3. Personal Finance

    Surviving The IRS Audit

    Keeping thorough records and knowing the penalties make this experience easier than you'd expect.
  4. Financial Advisor

    SEC Audit? No Problem (If You're Prepared)

    Audits are unwanted and unpleasant, but by getting your proverbial ducks in a row ahead of time you can ease and simplify the process.
  5. Investing

    A Day In The Life Of An Auditor

    If you like the idea of examining and attesting to a company's financial performance for a living, a career in auditing might be right for you.
  6. Managing Wealth

    Make $1 Million? Expect an Audit

    If you make $1 million or more, the IRS has its eyes on you. Here's what you can do about it.
  7. Personal Finance

    How to Avoid the 6 Most Common Tax Audit Triggers

    These are the most common scenarios that can trigger the IRS to audit a tax return.
  8. Investing

    Examining A Career As An Auditor

    Stricter government regulations have put auditing professionals in demand.
  9. Markets

    Audit the Fed: Is Trump Right? (JPM)

    Find out why Donald Trump has a point when he claims it is vitally important to audit the Federal Reserve, the central banking authority in the United States.
  10. Investing

    10 Tips for Avoiding a Tax Audit

    To help you avoid a tax audit this year make sure you stay away from these ten red flags.
RELATED FAQS
  1. What should I do to prepare for an IRS audit?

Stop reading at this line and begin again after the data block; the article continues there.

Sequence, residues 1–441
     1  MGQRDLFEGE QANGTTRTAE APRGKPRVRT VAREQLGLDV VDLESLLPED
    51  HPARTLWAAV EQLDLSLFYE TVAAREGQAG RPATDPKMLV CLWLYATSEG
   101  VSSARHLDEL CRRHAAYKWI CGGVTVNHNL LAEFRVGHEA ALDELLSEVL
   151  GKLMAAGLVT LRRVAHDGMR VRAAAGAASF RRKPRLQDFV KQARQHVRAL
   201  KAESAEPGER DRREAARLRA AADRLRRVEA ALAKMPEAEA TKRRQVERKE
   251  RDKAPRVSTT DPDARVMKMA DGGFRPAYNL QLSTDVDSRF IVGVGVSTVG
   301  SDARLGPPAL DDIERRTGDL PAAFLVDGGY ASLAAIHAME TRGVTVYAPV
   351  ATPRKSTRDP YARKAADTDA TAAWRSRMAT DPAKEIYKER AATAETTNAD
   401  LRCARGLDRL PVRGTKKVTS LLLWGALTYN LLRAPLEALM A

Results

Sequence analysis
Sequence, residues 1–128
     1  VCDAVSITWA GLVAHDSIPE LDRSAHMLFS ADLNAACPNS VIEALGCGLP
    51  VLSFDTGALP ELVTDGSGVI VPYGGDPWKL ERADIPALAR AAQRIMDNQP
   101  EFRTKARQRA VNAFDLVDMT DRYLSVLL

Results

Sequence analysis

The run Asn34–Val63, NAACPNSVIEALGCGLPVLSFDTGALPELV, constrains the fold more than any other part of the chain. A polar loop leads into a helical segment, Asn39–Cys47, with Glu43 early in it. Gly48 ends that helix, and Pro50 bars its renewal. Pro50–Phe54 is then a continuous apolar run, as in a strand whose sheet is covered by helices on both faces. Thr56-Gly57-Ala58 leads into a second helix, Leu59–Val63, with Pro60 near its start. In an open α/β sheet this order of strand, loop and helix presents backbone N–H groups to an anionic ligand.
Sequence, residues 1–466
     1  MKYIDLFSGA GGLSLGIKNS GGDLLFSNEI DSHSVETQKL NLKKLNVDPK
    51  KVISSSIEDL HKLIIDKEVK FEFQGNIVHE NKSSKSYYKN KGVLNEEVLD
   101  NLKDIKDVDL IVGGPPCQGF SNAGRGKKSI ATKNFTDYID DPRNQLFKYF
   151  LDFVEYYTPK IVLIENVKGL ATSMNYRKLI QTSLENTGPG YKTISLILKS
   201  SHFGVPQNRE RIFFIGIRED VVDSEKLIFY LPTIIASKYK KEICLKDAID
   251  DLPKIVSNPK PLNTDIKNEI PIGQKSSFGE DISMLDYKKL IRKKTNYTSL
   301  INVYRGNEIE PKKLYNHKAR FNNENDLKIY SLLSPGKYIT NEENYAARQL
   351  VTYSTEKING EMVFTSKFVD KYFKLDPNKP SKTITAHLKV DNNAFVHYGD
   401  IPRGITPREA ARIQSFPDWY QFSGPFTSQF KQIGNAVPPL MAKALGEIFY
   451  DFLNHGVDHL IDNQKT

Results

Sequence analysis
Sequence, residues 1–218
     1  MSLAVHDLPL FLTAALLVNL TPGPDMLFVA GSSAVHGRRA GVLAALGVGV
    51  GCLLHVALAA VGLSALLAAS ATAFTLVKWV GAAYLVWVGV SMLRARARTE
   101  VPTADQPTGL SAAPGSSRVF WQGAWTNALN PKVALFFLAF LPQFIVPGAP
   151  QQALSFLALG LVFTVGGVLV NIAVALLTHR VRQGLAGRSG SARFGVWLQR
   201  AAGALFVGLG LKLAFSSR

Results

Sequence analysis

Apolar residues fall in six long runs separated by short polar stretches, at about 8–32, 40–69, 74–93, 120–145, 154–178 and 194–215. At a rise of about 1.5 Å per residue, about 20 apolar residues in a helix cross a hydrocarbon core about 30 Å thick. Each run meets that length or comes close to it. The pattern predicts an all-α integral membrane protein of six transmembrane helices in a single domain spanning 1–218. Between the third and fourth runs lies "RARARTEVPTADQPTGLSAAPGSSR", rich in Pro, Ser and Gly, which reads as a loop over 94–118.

Find out how to prepare for an IRS audit, what kinds of audits you might face and what kinds of habits you should develop ... Read Answer >>
  2. What is an IRS letter audit / audit by correspondence?

    Learn about IRS letter audits, how tax returns are selected for audits and the common outcomes in the letter audits conducted ... Read Answer >>
  3. Can the IRS audit you after a refund?

    Learn how the U.S. Internal Revenue Service (IRS) can conduct a tax audit even after a taxpayer was issued a tax refund in ... Read Answer >>
  4. What's the average salary of an audit clerk?

    Learn how much audit clerks earn per year on average, and review what these finance professionals and others in similar fields ... Read Answer >>
  5. Are IRS audits random?

    Learn about how the U.S. Internal Revenue Service (IRS) conducts its tax audits based on random selection, document matching ... Read Answer >>
  6. How is the Federal Reserve audited?

    Learn how the Federal Reserve gets audited. Due to gridlock, the Federal Reserve has been forced to take on the role of stimulating ... Read Answer >>
Hot Definitions
  1. Cyclical Stock

    An equity security whose price is affected by ups and downs in the overall economy. Cyclical stocks typically relate to companies ...
  2. Front Running

    The unethical practice of a broker trading an equity based on information from the analyst department before his or her clients ...
  3. After-Hours Trading - AHT

    Trading after regular trading hours on the major exchanges. The increasing popularity of electronic communication networks ...
  4. Omnibus Account

    An account between two futures merchants (brokers). It involves the transaction of individual accounts which are combined ...
  5. Weighted Average Life - WAL

    The average number of years for which each dollar of unpaid principal on a loan or mortgage remains outstanding. Once calculated, ...
  6. Real Rate Of Return

    The annual percentage return realized on an investment, which is adjusted for changes in prices due to inflation or other ...
Trading Center